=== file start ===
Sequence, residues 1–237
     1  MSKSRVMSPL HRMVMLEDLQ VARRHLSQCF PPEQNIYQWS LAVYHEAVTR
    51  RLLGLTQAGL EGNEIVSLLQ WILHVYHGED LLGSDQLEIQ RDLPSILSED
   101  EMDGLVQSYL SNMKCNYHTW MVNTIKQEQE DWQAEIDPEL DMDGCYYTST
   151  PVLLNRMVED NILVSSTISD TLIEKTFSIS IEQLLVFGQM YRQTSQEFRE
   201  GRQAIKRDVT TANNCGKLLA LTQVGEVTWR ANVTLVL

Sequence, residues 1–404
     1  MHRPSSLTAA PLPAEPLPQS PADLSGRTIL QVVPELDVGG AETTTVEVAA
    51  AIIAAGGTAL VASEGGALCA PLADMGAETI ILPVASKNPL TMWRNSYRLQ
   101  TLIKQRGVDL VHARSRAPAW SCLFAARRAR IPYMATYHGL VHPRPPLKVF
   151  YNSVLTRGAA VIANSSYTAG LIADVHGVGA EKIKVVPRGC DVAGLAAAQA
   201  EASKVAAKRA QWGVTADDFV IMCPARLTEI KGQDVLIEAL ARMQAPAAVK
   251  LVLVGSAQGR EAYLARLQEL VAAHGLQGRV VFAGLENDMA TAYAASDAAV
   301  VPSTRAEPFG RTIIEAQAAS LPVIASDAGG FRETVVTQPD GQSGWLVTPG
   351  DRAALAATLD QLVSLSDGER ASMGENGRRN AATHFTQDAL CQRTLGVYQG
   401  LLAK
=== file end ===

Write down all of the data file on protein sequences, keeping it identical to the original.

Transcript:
Sequence, residues 1–237
     1  MSKSRVMSPL HRMVMLEDLQ VARRHLSQCF PPEQNIYQWS LAVYHEAVTR
    51  RLLGLTQAGL EGNEIVSLLQ WILHVYHGED LLGSDQLEIQ RDLPSILSED
   101  EMDGLVQSYL SNMKCNYHTW MVNTIKQEQE DWQAEIDPEL DMDGCYYTST
   151  PVLLNRMVED NILVSSTISD TLIEKTFSIS IEQLLVFGQM YRQTSQEFRE
   201  GRQAIKRDVT TANNCGKLLA LTQVGEVTWR ANVTLVL

Sequence, residues 1–404
     1  MHRPSSLTAA PLPAEPLPQS PADLSGRTIL QVVPELDVGG AETTTVEVAA
    51  AIIAAGGTAL VASEGGALCA PLADMGAETI ILPVASKNPL TMWRNSYRLQ
   101  TLIKQRGVDL VHARSRAPAW SCLFAARRAR IPYMATYHGL VHPRPPLKVF
   151  YNSVLTRGAA VIANSSYTAG LIADVHGVGA EKIKVVPRGC DVAGLAAAQA
   201  EASKVAAKRA QWGVTADDFV IMCPARLTEI KGQDVLIEAL ARMQAPAAVK
   251  LVLVGSAQGR EAYLARLQEL VAAHGLQGRV VFAGLENDMA TAYAASDAAV
   301  VPSTRAEPFG RTIIEAQAAS LPVIASDAGG FRETVVTQPD GQSGWLVTPG
   351  DRAALAATLD QLVSLSDGER ASMGENGRRN AATHFTQDAL CQRTLGVYQG
   401  LLAK